Jeff: There is sort of a “high trust” and “low trust” paradigm here. The audit model is very low trust. The people who wrote it know what the correct answer is. It is either Yes or No. An IRS audit has no negotiation. They know the answer and you need to comply. With an assessment, we are saying “we are looking for these kinds of things. For your culture, your use case, tell us how you are satisfying that.” It is a context driven answer versus a yes or no.
Jeff: There are some things that are yes or no. “Do you have a lock on the door?” Yes or no. But even then, with everyone working from home, what does a lock on the door mean? In some communities, it could be a screen door and it works. In other communities, I could need three deadbolts.
Jeff: It comes down to high trust or low trust. An audit is low trust. The ones that wrote the audit method know best and we need to comply with that. An assessment is high trust. An assessment method is much more high trust. The writers did research, created examples, said they think that it should be done something like this. Then the defense contractor implements it in a way that is best for them, and the assessors are trained to make the connection between those two things.
Jeff: So to me, I think they are very different. To me, the high trust version, the assessment, is healthier and better for the organization. It helps stickiness. Stickiness is when people actually keep doing the things what you asked them to do. So if I audit you, threatening you with a stick, and say you must do this and this and this… I’m pretty sure that as soon as the auditor leaves, the company will stop doing it. So I think it is a lot better.
Does the “assessment” philosophy give some wiggle room to pass despite a missed Assessment Objective?
Amira: The DoD assessment guides [for CMMC] do seem to follow-up on what you say. They look for characteristics of compliance, or characteristics of secure practice. They don’t say “do this exact thing.” With this philosophy (and this could get you in trouble…) could an assessor pick out an Assessment Objective and say “Well, this one isn’t met, but let’s call this overall practice good because I don’t think it really matters for this organization.”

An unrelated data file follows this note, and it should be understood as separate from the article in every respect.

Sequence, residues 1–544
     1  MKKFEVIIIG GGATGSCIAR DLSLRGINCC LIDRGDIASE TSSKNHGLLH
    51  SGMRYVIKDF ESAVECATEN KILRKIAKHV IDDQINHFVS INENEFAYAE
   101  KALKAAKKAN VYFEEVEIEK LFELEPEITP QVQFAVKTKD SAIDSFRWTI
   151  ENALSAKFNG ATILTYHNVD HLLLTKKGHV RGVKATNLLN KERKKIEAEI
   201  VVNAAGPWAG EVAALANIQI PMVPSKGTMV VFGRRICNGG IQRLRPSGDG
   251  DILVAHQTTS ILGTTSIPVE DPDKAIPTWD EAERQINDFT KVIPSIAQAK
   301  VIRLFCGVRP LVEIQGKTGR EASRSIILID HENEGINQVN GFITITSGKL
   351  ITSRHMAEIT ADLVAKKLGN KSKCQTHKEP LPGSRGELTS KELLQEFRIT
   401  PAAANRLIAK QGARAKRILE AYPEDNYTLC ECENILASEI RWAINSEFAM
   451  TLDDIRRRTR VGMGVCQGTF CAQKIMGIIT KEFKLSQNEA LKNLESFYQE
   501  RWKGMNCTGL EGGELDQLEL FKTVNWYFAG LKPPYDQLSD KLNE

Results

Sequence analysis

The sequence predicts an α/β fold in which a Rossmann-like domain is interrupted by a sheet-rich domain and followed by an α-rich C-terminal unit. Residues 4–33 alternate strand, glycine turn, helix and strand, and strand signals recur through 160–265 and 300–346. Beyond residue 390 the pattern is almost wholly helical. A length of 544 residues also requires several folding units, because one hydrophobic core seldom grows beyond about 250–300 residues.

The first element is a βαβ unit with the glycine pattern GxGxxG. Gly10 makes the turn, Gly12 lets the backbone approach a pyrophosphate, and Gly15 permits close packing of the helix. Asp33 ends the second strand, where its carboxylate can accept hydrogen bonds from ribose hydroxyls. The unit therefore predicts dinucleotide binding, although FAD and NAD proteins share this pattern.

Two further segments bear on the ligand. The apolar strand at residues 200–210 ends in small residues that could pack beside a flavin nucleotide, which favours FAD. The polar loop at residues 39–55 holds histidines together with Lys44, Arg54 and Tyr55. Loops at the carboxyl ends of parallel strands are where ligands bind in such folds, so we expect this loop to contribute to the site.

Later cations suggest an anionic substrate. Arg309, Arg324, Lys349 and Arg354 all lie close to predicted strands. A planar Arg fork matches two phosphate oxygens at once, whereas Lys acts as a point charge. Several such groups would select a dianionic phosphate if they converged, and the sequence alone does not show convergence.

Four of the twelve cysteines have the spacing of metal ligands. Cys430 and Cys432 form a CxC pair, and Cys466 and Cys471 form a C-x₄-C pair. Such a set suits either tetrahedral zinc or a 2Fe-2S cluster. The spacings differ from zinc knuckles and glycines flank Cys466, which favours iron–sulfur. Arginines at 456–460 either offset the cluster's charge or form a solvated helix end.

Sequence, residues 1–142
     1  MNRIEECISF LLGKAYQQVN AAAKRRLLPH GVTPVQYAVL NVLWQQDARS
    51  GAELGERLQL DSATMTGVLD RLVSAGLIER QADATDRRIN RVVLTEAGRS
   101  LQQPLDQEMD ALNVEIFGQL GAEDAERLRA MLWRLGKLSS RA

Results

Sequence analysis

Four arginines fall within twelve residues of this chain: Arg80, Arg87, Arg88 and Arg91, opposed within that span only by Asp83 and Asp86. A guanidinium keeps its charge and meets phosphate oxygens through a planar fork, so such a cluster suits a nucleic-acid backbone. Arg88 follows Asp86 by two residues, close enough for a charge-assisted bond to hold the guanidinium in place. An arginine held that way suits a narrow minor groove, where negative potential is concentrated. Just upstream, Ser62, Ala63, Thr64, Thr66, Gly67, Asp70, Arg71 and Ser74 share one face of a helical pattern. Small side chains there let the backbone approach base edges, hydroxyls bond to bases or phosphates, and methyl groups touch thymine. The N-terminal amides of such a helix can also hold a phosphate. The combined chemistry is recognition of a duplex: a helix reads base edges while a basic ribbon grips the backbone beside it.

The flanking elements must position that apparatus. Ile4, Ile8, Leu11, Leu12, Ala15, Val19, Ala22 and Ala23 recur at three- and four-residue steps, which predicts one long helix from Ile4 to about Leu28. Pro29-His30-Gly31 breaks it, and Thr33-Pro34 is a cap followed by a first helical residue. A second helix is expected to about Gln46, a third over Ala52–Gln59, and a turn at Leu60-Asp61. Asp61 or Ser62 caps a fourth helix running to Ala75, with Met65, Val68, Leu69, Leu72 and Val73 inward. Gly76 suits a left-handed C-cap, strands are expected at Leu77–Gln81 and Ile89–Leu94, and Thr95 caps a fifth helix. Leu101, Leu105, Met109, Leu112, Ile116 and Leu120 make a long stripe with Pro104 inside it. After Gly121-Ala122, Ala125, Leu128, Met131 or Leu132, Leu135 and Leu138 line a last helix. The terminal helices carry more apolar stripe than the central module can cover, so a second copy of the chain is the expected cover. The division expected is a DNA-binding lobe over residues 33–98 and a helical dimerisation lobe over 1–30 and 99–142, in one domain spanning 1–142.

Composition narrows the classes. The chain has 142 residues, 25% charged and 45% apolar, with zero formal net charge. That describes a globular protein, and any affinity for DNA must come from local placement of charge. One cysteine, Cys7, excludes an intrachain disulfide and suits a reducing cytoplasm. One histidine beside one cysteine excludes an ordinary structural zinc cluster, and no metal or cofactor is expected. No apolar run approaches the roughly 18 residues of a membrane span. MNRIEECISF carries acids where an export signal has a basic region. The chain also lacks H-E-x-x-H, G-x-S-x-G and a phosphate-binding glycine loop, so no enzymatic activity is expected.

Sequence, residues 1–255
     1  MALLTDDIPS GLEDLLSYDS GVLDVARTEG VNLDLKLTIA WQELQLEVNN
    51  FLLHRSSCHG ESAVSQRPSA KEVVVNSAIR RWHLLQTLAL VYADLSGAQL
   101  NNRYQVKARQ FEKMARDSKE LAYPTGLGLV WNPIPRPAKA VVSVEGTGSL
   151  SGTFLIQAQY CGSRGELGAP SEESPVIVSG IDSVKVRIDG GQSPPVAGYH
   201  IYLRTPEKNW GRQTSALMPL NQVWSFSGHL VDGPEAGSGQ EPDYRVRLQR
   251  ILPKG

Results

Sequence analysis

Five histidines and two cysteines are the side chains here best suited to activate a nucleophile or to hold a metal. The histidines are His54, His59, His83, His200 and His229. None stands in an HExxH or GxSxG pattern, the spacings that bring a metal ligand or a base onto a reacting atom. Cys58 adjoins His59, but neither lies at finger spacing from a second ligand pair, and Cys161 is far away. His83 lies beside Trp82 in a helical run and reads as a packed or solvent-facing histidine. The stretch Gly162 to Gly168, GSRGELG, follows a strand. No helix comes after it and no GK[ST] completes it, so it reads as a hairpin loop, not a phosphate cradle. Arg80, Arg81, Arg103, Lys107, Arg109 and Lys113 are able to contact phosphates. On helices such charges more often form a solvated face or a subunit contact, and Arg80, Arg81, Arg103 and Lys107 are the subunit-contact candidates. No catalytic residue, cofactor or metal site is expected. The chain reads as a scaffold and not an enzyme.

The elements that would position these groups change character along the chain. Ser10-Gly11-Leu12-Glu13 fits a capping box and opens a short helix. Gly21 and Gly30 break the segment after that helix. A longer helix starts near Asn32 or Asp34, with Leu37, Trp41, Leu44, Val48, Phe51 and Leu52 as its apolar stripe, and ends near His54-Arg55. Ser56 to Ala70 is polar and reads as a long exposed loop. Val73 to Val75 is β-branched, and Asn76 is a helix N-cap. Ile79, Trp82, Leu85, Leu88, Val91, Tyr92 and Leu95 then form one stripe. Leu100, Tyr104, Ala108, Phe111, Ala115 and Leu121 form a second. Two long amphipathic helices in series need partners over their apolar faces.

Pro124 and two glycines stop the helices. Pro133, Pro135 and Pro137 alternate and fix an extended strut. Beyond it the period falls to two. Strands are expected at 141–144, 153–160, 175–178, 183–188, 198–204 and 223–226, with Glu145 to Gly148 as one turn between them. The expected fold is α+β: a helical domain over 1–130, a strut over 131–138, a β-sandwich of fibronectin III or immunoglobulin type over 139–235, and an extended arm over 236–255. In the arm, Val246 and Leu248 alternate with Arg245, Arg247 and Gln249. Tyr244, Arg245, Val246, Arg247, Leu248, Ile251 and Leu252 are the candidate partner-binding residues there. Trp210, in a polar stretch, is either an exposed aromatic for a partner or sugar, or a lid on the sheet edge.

Jeff: Well, I’m not going to comment on the DoD’s position on things. They own the policy on this topic. An assessment is about “are they meeting the intent”, and the objectives and the examples are designed to clarify the intent of the practice. So if I’m an assessor, then my goal is to clarify the intent, using the assessment guide to inform me as to the intent of the authors of the CMMC model. So if I believe, and the assessment team agrees, that the defense contractor has met the intent of the practice, then I’d say that you’ve met the intent of the practice and that is a pass. There are so many objectives and so many examples that I can’t really comment on whether one or two or others aren’t there.
Jeff: I’ll take a wild stab and say that there are objectives in there that shouldn’t be in there, and there are objectives that should be in there, that aren’t in there. Because there are a lot of them, and it is version 1.0. It is a little like the template example that we talked about before.
Jeff: What makes me uncomfortable with objectives is that will be the only thing that people look at. So [consultants] will take the assessment guide, take that to clients, and tell them to just do the exact things that are listed there. There is history here. With CMMI, back in 2001, they used to list work products for each practice. So a bunch of companies started doing the work products, that was it. And those work products had nothing to do with their businesses or their goals. All they had to do was reverse-engineer it. And then some enterprising consultant came out with a book with one page per document. All you had to do was fill it out by hand, send it to the assessor, and you are level 3. It’s like the templates. That’s just crazy! All of those artifacts [don’t match your company].